(Excerpted from The Hill 2/23/15)

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The Cost of a Decline in Unions

…as unions wane in American life, it’s also increasingly clear that they were doing a lot of good in sustaining middle class life — especially the private-sector unions that are now dwindling. Most studies suggest that about one-fifth of the increase in economic inequality in America among men in recent decades is the result of the decline in unions. It may be more: A study in the American Sociological Review, using the broadest methodology, estimates that the decline of unions may account for one-third of the rise of inequality among men.

“To understand the rising inequality, you have to understand the devastation in the labor movement,” says Jake Rosenfeld, a labor expert at the University of Washington and the author of “What Unions No Longer Do.”

Take construction workers. A full-time construction worker earns about $10,000 less per year now than in 1973, in today’s dollars, according to Rosenfeld. One reason is probably that the proportion who are unionized has fallen in that period from more than 40 percent to just 14 percent.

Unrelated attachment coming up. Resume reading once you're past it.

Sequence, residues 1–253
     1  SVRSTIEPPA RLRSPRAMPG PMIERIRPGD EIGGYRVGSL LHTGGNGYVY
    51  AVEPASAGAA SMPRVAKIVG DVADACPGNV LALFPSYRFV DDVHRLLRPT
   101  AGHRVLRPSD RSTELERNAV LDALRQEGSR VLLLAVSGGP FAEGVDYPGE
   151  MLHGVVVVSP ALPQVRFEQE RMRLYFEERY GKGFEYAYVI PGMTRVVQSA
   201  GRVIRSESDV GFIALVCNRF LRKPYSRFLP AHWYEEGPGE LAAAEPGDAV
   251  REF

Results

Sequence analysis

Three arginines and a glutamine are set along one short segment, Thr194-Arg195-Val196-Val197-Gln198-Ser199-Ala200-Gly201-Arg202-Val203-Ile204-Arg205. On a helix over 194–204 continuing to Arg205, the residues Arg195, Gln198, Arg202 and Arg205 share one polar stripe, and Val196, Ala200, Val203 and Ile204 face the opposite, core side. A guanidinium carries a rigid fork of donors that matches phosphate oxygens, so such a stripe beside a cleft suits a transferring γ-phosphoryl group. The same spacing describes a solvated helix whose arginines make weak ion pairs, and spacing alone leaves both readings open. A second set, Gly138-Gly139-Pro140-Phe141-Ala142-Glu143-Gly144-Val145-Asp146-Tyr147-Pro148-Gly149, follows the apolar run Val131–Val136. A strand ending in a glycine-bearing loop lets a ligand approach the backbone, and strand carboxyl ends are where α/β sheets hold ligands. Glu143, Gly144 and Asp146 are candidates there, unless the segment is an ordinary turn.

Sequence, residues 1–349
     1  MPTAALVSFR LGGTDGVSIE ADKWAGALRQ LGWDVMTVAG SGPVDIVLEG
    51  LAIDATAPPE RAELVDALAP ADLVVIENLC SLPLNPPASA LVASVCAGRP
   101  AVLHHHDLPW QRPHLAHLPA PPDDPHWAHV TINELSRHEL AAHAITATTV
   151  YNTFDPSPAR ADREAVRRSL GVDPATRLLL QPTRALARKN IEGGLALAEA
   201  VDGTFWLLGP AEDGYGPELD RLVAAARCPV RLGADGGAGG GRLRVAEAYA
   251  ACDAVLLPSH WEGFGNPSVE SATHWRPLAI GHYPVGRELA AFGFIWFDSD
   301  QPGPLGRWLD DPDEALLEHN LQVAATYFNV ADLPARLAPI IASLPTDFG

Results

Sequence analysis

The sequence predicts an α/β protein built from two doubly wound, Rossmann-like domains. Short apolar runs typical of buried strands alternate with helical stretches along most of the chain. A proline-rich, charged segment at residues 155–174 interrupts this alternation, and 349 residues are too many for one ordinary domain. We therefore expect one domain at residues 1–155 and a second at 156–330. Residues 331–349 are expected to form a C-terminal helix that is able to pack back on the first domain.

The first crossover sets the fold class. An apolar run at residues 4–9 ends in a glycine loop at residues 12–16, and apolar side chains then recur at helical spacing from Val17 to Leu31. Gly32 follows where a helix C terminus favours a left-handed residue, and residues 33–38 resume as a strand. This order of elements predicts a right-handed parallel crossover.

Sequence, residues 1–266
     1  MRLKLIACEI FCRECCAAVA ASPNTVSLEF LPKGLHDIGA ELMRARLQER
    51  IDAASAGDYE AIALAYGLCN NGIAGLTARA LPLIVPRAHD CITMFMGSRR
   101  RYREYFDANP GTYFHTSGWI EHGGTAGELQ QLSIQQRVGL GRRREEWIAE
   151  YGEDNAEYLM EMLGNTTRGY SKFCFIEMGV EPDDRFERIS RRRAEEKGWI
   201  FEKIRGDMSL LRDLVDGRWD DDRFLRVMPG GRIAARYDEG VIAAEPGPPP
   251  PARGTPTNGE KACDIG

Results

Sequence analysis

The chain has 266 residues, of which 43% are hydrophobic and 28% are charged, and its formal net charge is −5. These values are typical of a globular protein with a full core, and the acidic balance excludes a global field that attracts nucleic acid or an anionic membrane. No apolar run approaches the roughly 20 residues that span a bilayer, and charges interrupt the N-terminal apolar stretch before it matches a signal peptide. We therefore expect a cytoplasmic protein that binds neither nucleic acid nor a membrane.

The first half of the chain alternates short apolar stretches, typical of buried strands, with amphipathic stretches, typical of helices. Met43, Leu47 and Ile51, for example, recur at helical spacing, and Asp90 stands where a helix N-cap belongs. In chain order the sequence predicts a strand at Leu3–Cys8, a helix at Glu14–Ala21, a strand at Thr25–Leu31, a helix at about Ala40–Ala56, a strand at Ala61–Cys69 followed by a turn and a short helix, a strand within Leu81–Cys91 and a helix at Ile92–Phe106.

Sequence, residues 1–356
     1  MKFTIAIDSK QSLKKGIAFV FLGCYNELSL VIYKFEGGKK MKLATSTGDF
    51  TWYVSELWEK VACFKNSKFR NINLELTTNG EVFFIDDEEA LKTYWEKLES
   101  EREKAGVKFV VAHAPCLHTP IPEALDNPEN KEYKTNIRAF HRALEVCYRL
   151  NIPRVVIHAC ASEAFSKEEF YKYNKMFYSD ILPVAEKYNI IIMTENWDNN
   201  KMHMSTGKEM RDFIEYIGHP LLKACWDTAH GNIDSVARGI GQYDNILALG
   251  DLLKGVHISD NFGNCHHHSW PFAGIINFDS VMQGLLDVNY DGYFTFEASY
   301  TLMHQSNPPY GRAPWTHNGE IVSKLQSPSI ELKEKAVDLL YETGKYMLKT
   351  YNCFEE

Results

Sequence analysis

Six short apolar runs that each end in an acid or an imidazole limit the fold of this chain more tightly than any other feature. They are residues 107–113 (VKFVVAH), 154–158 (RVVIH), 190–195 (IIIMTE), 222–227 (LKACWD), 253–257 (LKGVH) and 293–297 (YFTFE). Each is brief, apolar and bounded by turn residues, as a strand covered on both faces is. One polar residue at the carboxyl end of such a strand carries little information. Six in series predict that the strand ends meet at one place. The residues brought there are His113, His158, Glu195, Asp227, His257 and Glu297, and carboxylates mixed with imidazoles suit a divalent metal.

“For generations now the labor movement has stood as the most prominent and effective voice for economic justice.”

….unions also lobby for programs like universal prekindergarten that help create broad-based prosperity. They are pushing for a higher national minimum wage, even though that would directly benefit mostly nonunionized workers.

I’ve also changed my mind because, in recent years, the worst abuses by far haven’t been in the union shop but in the corporate suite. One of the things you learn as a journalist is that when there’s no accountability, we humans are capable of tremendous avarice and venality. That’s true of union bosses — and of corporate tycoons. Unions, even flawed ones, can provide checks and balances for flawed corporations.

Many Americans think unions drag down the economy over all, but scholars disagree. American auto unions are often mentioned, but Germany’s car workers have a strong union, and so do Toyota’s in Japan and Kia’s in South Korea.

In Germany, the average autoworker earns about $67 per hour in salary and benefits, compared with $34 in the United States. Yet Germany’s car companies in 2010 produced more than twice as many vehicles as American companies did, and they were highly profitable. It’s too glib to say that the problem in the American sector was just unions.